Senior HR professionals have accused the Chartered Institute of Personnel and Development (CIPD) of hypocrisy and discrimination by not recognising business experience gained outside the HR function.
Leading figures have said that the CIPD’s chartered fellow grade of membership, which requires 10 years of ‘relevant’ experience, discriminates against people who have entered HR after having worked in other areas of business.
Emma Hughes, director of group HR at optician chain Specsavers, said she was refused fellowship status despite having several years’ operational management experience running hotel and cinema chains.
“I now have the situation that I’m the most senior HR person in the company, but am refused the option to upgrade my membership, whereas someone who is more junior than me in my team has a fellowship,” she told Personnel Today.
She accused the CIPD of “hypocrisy” as it continues to push the message that HR people need more wide-ranging business experience.
“The CIPD needs to send out a consistent message that experience in other parts of the business is good, and won’t adversely affect your career in HR,” Hughes said.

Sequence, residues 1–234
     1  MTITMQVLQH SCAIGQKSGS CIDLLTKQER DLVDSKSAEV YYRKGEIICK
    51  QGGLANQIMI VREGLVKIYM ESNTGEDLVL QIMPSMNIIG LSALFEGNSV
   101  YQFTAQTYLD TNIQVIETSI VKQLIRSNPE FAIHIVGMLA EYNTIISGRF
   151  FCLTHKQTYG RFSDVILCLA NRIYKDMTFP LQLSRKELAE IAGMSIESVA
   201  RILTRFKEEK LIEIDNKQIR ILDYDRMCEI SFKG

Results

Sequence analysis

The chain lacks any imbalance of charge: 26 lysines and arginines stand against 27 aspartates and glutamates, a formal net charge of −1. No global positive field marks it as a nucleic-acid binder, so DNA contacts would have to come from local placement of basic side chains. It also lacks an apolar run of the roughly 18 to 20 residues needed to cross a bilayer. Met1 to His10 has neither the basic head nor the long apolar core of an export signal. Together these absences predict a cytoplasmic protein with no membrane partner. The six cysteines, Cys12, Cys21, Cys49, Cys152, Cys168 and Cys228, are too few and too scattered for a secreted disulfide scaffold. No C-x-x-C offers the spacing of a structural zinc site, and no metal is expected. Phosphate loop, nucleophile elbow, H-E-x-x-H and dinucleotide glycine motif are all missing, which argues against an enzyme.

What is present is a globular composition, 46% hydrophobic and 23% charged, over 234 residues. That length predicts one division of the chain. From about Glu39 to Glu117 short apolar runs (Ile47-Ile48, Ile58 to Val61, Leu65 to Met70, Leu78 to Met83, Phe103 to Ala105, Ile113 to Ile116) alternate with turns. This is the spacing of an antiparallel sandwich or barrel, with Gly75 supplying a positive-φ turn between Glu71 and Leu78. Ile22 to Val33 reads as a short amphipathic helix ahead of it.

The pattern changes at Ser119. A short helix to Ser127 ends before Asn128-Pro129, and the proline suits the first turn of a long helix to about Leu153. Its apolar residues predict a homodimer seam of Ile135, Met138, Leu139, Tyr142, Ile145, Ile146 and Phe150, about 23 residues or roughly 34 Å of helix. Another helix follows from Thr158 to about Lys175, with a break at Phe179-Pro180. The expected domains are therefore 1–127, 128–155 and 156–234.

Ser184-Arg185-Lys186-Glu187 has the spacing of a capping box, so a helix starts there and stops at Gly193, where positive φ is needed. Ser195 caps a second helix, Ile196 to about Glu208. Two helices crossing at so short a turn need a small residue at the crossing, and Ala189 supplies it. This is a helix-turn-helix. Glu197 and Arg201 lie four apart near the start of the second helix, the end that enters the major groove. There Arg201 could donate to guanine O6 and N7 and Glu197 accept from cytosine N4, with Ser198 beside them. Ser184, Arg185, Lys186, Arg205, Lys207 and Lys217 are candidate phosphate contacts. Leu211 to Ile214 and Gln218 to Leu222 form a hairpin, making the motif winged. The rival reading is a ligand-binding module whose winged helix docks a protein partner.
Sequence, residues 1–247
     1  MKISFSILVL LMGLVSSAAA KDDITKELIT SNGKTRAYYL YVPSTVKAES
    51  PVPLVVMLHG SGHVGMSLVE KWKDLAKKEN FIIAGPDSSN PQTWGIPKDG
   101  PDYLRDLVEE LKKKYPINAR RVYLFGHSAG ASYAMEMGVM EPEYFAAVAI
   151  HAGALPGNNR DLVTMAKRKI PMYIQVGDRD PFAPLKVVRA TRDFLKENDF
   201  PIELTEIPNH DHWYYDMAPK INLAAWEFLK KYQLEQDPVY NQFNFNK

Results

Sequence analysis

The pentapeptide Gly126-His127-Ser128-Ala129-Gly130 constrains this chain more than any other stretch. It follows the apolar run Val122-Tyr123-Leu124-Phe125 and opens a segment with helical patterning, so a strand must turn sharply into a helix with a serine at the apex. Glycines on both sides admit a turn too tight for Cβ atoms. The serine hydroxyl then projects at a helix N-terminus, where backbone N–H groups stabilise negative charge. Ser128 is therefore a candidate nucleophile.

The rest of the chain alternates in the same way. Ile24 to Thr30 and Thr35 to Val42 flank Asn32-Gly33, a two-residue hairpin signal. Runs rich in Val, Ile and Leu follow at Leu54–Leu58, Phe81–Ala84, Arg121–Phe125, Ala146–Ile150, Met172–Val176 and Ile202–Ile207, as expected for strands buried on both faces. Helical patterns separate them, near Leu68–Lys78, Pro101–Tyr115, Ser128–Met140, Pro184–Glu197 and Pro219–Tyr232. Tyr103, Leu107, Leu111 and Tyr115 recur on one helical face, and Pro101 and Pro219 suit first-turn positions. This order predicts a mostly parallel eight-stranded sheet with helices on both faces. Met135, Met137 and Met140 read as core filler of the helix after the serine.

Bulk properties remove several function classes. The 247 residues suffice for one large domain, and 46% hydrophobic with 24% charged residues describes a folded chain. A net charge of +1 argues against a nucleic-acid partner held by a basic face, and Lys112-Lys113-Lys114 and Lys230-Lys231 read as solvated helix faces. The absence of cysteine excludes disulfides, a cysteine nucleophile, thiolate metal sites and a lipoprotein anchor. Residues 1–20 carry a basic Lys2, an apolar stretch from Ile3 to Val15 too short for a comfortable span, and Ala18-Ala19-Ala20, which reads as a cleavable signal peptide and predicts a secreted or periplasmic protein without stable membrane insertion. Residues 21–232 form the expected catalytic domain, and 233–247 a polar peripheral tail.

Another senior HR director said the CIPD’s time-served approach to membership was “old hat and irrelevant”. He added: “There is a growing need for a more balanced business approach to HR qualifications that incorporate wider business knowledge and skills.”
Hughes said the CIPD had told her other HR professionals had complained about the situation: “I feel let down by my own governing body. I want the CIPD to recognise and value what I do.”
A CIPD spokeswoman said: “We are reviewing the articulation for all membership grades to reflect competencies and their impact on an organisation.”
Chartered fellow is the highest grade of membership available from the CIPD. It indicates that the individual has achieved qualifications and career progression over at least 10 years to be in a strategic position in the business and is committed to continuing professional development.
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